The first day of the event focused on highlighting the work of individuals and organisations taking pioneering action to tackle drug-resistant infections. Malaria Consortium was honoured to be chosen by the Wellcome Trust as one of two “Pioneers” identified through a competitive open call to showcase our work on Community Dialogue to address antibiotic resistance in Bangladesh. The project, a collaboration between the University of Leeds, ARK Foundation and Malaria Consortium, addresses a factor that is often overlooked: what the general public can do to minimise the spread of antibiotic resistance. For example, people should use antibiotics only when prescribed by a health professional, complete the full prescription, and never share antibiotics with friends and family. To bring about positive social and behaviour change among the general public, the project adopts the Community Dialogue Approach, which has been used by Malaria Consortium in different countries and for a range of other health issues. The approach involves enabling community-based volunteers to host regular community meetings to explore how a health issue affects the community, identify solutions to the problem and decide on how the community will address the issue. It builds on the assumption that public discussion and collective decision making will, over time, create a sense of ownership and affect the social norms that shape the behaviour of the wider community, not just those who actively participate in the meetings. In this project, 55 volunteers were trained in the catchment area of five Community Clinics, a total population of 30,000. Since May 2018, over 400 meetings have been held, each involving 40 community members on average. Evaluation of the project is ongoing, but preliminary findings are encouraging, with many participating reporting that they are now more mindful of using antibiotics appropriately.

Delegates at the Call to Action commended the community-level, bottom-up approach to tackling antibiotic resistance. Many were particularly impressed with how the project aimed to embed the approach within the existing health system and community structures to strengthen its sustainability, for example by linking the supervision of volunteers with the network of Community Clinics that provide basic health care in Bangladesh.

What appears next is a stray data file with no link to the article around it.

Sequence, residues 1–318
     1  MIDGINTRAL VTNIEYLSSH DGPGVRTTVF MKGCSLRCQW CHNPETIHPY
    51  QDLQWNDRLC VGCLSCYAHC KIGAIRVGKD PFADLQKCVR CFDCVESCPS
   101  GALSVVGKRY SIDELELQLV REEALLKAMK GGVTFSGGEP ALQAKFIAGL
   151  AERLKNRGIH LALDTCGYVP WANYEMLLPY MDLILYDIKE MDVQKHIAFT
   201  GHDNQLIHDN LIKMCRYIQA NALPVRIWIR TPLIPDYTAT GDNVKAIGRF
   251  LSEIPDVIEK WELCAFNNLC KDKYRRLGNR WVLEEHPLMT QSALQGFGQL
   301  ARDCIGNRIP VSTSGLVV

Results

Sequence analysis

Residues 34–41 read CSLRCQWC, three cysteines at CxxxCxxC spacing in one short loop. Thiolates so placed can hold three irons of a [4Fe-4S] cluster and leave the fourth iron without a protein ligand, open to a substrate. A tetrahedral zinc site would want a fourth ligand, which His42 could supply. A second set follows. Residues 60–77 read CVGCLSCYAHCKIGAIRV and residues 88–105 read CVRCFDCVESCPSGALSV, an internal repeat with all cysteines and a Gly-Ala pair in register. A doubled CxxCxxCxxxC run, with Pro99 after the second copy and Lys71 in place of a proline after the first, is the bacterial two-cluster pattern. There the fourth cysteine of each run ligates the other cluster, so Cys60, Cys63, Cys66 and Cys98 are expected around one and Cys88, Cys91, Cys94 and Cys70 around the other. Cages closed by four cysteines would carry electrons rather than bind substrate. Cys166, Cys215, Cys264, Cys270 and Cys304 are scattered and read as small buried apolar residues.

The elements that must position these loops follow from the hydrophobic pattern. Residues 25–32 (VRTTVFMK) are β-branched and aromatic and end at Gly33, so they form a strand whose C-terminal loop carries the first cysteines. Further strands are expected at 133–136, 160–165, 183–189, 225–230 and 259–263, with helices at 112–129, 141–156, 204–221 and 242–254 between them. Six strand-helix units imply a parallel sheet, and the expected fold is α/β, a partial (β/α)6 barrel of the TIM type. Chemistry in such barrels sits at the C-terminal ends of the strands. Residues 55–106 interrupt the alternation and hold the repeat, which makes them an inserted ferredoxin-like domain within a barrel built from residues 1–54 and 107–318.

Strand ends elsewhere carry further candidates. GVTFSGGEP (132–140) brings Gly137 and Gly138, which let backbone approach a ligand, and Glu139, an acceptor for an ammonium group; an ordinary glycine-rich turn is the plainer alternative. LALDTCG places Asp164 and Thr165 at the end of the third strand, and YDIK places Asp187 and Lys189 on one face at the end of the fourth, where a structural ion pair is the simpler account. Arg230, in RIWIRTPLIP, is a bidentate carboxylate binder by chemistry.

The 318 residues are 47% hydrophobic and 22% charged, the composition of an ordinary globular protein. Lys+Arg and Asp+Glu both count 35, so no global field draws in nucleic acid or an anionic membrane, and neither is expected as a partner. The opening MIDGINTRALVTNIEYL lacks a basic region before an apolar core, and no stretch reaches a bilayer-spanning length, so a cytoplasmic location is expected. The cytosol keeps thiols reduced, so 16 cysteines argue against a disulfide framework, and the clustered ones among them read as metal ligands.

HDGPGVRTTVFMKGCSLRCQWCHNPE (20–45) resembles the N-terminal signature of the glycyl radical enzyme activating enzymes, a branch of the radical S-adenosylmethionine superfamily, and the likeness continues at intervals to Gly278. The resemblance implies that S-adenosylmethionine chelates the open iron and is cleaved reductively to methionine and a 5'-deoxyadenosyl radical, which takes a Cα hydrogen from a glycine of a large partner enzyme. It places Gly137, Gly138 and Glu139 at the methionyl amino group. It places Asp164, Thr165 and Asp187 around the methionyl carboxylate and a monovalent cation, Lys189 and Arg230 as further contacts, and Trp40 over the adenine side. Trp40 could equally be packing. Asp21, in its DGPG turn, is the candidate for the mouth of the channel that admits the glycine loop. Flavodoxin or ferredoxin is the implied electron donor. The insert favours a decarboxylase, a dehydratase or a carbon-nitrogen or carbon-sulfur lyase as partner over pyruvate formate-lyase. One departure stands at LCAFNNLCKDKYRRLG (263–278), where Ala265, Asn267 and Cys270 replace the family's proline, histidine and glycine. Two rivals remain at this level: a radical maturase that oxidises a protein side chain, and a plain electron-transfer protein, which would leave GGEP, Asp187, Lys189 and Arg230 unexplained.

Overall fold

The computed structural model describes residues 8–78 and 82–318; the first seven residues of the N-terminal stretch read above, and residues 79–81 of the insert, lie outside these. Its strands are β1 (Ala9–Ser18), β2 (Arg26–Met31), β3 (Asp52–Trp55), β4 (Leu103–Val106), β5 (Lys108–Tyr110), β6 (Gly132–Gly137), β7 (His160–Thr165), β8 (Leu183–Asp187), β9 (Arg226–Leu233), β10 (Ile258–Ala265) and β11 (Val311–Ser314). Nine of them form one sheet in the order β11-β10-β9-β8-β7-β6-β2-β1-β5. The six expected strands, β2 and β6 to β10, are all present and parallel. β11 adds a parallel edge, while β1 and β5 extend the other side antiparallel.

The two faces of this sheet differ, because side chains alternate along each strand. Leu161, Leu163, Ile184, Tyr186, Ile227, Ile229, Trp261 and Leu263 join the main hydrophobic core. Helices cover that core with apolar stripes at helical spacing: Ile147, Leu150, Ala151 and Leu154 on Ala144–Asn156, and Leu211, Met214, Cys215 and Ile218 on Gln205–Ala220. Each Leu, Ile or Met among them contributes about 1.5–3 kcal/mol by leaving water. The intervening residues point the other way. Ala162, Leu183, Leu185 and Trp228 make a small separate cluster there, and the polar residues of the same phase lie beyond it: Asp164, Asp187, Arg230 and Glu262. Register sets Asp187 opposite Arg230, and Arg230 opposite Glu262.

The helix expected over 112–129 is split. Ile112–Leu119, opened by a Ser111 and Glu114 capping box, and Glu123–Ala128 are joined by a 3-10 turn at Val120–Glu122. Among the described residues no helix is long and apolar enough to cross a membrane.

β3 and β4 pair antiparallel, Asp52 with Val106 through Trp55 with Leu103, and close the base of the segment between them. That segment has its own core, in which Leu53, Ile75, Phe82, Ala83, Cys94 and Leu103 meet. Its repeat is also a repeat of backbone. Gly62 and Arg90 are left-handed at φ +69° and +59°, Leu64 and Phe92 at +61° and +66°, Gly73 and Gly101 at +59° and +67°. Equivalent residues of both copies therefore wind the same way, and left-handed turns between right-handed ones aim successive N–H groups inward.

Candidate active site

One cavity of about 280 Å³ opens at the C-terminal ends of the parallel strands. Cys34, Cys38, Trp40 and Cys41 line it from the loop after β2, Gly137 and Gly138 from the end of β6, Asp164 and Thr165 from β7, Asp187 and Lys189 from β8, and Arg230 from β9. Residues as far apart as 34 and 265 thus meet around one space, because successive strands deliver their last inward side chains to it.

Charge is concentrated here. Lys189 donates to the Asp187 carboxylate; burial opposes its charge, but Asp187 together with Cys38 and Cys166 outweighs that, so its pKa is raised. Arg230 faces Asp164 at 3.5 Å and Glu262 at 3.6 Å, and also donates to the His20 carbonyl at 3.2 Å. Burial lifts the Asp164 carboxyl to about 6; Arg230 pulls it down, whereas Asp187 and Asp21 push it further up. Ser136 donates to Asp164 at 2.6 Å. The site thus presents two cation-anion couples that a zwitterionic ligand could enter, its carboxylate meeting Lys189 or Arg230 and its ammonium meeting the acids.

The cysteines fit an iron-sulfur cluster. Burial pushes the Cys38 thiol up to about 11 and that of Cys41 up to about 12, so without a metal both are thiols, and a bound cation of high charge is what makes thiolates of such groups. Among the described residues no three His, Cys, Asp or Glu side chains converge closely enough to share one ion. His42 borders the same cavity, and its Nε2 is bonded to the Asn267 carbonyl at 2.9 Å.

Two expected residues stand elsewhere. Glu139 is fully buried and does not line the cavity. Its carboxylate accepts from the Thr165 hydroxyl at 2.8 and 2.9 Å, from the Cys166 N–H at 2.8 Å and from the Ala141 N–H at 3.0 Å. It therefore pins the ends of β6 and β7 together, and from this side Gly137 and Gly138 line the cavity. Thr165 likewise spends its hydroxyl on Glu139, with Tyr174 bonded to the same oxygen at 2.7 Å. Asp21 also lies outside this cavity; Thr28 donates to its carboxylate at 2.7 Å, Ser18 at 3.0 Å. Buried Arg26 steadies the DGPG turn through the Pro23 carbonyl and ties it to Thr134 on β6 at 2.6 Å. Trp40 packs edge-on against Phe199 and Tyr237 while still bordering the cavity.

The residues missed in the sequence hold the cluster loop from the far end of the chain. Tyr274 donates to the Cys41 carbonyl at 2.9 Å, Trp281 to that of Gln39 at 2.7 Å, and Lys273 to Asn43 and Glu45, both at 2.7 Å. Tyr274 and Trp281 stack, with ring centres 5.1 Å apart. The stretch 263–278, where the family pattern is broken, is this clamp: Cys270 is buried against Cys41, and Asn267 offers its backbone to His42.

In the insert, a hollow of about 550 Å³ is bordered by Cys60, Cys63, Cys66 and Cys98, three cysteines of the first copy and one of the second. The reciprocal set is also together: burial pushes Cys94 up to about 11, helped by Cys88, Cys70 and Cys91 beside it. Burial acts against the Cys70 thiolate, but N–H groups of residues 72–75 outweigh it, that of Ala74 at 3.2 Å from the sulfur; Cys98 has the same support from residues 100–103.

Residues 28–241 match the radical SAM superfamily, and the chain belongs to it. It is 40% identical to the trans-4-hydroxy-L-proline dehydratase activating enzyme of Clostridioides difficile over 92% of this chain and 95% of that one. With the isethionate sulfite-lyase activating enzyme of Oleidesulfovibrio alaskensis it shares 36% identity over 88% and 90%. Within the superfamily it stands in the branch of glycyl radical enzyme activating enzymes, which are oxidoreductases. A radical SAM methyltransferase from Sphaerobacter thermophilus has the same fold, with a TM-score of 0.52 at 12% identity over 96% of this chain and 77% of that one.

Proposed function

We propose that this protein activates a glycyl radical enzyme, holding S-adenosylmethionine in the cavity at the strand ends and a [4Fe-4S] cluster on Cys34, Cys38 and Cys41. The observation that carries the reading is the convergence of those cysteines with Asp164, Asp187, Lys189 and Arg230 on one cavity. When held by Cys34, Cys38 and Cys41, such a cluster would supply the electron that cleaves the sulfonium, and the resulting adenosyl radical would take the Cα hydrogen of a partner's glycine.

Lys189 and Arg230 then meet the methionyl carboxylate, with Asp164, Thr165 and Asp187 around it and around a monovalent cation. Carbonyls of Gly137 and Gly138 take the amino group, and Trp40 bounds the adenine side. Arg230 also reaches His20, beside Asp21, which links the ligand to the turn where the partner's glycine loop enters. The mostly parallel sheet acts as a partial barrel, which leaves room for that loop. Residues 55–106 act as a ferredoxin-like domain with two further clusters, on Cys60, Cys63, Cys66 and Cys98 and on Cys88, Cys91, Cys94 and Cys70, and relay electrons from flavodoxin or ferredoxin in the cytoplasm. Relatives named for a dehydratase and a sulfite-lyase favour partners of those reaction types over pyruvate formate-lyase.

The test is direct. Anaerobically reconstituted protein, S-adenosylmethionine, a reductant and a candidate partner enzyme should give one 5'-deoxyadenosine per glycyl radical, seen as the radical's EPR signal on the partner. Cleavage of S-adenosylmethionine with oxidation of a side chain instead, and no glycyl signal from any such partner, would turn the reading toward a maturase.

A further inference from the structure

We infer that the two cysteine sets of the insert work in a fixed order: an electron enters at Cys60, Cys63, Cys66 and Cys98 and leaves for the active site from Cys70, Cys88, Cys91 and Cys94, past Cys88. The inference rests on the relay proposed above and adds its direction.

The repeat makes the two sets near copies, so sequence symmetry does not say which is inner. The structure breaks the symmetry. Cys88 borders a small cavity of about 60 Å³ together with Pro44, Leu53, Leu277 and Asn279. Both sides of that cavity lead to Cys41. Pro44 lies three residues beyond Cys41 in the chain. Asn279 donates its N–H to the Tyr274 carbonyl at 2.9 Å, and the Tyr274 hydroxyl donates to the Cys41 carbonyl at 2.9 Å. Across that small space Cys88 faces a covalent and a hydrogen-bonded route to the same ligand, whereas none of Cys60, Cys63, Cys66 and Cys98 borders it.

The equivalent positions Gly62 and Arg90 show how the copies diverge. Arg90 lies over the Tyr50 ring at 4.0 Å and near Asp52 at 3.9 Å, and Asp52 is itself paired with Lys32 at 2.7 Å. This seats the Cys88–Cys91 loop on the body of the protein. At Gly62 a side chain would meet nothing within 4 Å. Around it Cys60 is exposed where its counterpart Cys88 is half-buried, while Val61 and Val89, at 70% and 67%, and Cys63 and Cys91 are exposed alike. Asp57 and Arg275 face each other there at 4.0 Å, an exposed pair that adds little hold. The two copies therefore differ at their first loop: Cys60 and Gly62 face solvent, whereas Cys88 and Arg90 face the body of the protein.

In the future, we would like to expand the approach to a larger area and to carry out a robust evaluation of its impact on behaviour. We also see an opportunity to embrace the One Health idea and include the promotion of positive behaviours concerning the use of antibiotics in livestock. Overall, we believe that the approach can be used to help communities to become “resistance fighters” and play a part in tackling the threat of antibiotic resistance.

Learn more

Read our implementation guide for the Community Dialogue Approach

Rutoke’s key influencer sets up a village health club and ‘ambulance fund’

Approx reading time: 3 mins
Ernest (left) informing Bagonza (right) about preventive measures for malaria

Ernest Masereka, a voluntary community health worker and key influencer from Rutoke village, Uganda, introduced his community to the idea of forming a village health club in December 2017. Village health clubs provide forums at which community members can disseminate messages and address different issues, such as sanitation, health and savings. Members of the club collectively come up with action plans and local solutions for the challenges their community faces.

Club members, Ernest suggested, could also contribute 1,000 Ugandan shillings every month for the community to use to address health issues when needed. The community welcomed this idea and in January 2018 a village health club was formed and members began contributing to what they referred to as the ‘ambulance fund’.